The dripping blood our only drink,
The bloody flesh our only food:
In spite of which we like to think
That we are sound, substantial flesh and blood—
Again, in spite of that, we call this Friday Good.
— T. S. Eliot (Four Quartets 2: East Coker)
Nothing brings people to church like food. Hold a regular Sunday night service, and 50 people might show up. Announce, during the morning service, that there will be cake and ice-cream following the evening service and 100 will be there.
It’s not just the fact that there’s food, either. Everyone could eat at home if that were the case. No, there’s something about eating a meal (even if it only consists of cake and ice-cream) together.
This passage of Ezekiel concludes his new Torah—the new teaching. Starting next week, we’ll look at Israel’s new land, that magnificent vision of the Temple with water flowing out from under it to replenish the countryside. But this week it’s all about sharing a meal. Ezekiel draws a major section of his prophetic work together with instructions about eating together.
. . .
Verses 19-24 cover two paragraphs. The first paragraph deals with the Zadokite’s food. They are the ones specially commissioned to handle the holiest of things. In fact, their meals are so holy that they have to prepare them in special quarters, lest the inherent holiness of it all infects the commoners.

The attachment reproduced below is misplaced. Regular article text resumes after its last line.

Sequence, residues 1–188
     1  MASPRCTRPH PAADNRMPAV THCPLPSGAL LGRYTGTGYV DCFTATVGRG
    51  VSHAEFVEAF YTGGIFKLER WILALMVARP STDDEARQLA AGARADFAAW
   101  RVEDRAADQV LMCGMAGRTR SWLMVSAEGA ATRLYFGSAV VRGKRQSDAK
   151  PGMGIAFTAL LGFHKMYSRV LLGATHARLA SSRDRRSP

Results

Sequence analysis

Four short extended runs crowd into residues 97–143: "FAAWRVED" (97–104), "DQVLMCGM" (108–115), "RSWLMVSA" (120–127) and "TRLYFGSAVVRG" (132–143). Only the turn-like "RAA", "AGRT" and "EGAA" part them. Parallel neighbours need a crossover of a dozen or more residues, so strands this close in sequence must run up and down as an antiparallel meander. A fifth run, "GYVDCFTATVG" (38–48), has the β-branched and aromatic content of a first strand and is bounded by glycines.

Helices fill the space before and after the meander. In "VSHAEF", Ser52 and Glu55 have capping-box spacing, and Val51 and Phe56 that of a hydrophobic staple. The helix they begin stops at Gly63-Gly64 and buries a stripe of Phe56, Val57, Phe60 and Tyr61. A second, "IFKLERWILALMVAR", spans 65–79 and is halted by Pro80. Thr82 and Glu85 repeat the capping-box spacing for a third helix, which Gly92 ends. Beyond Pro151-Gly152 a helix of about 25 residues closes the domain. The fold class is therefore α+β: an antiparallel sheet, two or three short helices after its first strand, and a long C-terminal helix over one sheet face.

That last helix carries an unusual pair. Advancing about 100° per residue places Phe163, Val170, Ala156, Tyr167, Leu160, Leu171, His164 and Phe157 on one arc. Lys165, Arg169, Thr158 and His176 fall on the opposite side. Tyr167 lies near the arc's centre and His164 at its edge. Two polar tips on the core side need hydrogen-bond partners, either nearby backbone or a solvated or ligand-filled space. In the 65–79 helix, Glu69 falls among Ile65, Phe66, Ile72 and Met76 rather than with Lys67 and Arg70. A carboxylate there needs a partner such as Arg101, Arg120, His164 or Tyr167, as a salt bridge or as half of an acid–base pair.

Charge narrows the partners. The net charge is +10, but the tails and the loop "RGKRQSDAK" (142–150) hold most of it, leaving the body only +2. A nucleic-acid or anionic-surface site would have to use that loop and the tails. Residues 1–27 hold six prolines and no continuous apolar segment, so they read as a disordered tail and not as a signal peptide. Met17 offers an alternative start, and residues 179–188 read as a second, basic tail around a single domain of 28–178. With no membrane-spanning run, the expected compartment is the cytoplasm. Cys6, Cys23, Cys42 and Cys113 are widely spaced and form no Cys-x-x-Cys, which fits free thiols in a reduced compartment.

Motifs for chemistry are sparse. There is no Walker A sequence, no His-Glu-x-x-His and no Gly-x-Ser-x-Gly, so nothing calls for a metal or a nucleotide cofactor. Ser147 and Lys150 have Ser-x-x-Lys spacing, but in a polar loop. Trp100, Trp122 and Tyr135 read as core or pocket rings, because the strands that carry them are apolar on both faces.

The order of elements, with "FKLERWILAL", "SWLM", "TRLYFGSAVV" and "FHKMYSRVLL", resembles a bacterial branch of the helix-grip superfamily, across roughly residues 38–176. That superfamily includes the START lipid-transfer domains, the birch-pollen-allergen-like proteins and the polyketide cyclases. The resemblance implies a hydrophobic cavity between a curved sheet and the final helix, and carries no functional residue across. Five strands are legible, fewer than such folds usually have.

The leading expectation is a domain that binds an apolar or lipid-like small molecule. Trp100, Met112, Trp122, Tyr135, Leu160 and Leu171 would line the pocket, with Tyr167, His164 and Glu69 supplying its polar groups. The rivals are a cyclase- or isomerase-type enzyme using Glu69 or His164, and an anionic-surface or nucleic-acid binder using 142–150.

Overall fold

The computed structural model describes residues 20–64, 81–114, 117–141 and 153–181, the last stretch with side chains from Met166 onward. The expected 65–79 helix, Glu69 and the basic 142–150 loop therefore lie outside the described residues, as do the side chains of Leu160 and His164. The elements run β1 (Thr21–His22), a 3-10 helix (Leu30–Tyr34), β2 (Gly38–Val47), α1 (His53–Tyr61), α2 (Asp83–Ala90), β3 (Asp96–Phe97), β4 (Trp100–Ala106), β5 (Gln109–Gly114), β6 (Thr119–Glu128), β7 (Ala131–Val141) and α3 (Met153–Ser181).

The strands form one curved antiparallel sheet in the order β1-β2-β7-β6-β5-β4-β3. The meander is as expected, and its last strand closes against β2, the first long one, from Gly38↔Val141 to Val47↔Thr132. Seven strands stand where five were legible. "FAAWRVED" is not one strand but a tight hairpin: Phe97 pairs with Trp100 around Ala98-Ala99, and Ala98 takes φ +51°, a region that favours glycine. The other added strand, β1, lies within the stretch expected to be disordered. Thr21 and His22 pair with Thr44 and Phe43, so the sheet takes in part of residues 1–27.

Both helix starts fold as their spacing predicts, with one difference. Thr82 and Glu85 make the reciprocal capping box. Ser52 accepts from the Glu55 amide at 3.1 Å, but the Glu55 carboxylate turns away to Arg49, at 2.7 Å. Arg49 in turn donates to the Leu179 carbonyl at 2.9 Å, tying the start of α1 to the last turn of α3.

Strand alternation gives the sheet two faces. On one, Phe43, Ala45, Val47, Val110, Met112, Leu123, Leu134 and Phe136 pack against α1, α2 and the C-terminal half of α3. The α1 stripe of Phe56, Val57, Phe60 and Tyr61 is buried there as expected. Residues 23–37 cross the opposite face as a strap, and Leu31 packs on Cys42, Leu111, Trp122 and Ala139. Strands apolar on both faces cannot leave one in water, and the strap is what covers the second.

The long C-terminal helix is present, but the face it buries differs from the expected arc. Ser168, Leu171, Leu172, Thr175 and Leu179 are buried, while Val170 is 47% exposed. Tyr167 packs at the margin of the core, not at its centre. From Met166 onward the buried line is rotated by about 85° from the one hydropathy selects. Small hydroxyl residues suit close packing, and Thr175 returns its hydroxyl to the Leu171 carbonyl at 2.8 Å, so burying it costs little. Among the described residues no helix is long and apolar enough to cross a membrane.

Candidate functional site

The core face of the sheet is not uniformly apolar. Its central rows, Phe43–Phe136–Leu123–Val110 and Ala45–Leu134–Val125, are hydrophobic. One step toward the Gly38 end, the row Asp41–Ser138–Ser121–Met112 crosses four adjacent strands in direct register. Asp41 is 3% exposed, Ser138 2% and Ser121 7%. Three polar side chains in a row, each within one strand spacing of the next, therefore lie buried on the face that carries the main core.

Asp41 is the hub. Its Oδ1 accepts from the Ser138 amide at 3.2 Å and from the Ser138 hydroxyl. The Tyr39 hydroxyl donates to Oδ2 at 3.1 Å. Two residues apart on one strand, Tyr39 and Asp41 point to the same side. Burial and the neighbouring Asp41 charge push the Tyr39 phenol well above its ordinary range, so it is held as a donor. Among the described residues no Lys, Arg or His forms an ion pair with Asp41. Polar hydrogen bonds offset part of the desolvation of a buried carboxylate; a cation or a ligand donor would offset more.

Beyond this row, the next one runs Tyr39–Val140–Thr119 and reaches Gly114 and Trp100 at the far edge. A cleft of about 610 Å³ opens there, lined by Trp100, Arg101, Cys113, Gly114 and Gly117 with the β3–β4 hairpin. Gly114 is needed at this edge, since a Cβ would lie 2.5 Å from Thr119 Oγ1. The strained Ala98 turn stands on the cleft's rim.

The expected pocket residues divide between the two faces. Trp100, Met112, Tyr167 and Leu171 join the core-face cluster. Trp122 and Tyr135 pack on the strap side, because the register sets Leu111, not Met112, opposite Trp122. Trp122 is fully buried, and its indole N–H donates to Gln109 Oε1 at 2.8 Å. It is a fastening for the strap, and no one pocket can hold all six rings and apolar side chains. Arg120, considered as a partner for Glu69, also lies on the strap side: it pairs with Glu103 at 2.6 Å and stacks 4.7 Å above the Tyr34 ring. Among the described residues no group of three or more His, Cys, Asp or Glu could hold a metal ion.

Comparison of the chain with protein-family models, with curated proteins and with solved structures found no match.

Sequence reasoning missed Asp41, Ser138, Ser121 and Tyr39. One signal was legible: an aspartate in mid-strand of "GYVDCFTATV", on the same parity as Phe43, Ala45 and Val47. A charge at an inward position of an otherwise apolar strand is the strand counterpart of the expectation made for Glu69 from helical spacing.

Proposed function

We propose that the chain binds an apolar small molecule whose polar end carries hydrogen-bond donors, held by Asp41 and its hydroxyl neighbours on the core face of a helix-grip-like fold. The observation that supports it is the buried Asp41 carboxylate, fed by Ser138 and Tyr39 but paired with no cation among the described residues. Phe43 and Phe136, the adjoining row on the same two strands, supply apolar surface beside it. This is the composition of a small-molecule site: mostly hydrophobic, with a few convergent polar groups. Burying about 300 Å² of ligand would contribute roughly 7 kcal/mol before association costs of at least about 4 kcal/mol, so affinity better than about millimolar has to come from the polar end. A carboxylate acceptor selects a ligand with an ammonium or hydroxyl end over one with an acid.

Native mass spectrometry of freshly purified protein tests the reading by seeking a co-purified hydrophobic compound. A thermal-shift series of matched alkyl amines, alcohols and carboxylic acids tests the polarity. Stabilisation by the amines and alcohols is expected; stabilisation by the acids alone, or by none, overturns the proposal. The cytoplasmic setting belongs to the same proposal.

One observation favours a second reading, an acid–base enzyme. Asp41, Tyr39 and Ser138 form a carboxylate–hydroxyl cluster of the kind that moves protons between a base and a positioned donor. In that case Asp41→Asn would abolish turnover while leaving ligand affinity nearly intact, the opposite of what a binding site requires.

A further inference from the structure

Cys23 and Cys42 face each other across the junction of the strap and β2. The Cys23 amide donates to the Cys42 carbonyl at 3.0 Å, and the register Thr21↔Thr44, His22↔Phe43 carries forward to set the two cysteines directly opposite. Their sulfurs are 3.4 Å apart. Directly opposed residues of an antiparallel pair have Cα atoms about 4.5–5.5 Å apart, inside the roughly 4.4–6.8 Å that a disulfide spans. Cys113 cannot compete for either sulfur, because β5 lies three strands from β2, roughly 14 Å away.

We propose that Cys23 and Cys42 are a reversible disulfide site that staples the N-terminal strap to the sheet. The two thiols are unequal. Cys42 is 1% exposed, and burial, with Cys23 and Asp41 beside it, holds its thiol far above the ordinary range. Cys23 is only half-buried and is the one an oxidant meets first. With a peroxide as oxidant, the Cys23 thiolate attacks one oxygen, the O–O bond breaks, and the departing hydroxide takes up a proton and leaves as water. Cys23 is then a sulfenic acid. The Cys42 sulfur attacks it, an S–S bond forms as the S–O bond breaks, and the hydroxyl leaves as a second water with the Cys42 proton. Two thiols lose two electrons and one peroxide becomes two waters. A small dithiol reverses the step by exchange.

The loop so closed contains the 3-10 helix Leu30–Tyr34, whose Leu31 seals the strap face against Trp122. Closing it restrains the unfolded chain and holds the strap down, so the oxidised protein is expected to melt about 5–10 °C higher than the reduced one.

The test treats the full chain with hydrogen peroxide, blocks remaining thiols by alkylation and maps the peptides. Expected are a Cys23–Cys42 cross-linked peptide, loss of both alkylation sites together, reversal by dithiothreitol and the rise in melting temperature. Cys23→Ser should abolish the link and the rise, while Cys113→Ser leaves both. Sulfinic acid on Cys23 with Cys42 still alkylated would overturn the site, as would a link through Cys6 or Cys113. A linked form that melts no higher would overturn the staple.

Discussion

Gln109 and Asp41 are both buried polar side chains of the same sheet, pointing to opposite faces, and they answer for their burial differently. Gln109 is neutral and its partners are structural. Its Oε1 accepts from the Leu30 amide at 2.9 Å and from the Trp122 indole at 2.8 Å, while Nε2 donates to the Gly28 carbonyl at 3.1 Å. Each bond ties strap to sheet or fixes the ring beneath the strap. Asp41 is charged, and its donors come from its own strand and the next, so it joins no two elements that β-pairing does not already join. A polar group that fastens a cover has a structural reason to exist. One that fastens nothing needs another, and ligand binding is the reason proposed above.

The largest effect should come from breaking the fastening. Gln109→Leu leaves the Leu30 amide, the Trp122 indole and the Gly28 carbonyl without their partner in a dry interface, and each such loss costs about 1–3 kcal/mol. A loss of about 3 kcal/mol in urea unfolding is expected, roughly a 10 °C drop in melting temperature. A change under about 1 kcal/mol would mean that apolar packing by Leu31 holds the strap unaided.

The second paragraph covers the public kitchens. In each corner of the outer court, there was a place where (presumably) the Levites would prepare the general population’s sacrifices and serve them. Levites in the Old Testament had quite a skill set—they had to be everything from security guards to chefs!
Ezekiel understood that there was something important—something numinous about sharing a meal together in the presence of God.
. . .
Isn’t that what God calls us to do? On the one had we fall at his feet, in awe of his holiness. Like Isaiah we cry,
Woe is me! I am lost, for I am a man of unclean lips, and I live among a people of unclean lips; yet my eyes have seen the King, the LORD of hosts! (Isaiah 6:5, NRSV)
On the other hand, the most frequent command in all scripture is, “fear not”. God extends his holy hand to us, picks us up out of our fears and invites us to eat with him.
If you hear my voice and open the door, I will come in to eat with you, and you with me. (Revelation 3:20, NRSV)
The next time you take Communion (or the Lord’s Supper, or the Eucharist, whatever you call it) think about those two things. We eat this meal in the presence of an awesome and holy God. On the other hand, we share it with our co-creatures.
. . .
Dear Jesus, thank you for the opportunity to share meals in your presence, and in the presence of our neighbours. In Jesus’ name, Amen.